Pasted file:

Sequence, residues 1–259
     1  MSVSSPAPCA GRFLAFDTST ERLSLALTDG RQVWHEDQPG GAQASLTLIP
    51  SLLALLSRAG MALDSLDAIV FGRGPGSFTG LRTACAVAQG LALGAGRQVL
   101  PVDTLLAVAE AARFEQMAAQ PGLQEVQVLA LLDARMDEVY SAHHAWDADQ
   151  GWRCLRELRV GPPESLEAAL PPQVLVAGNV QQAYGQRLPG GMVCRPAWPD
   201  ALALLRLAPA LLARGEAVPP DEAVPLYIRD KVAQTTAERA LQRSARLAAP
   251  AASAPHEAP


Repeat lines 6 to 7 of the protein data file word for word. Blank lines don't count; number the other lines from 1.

   201  ALALLRLAPA LLARGEAVPP DEAVPLYIRD KVAQTTAERA LQRSARLAAP
   251  AASAPHEAP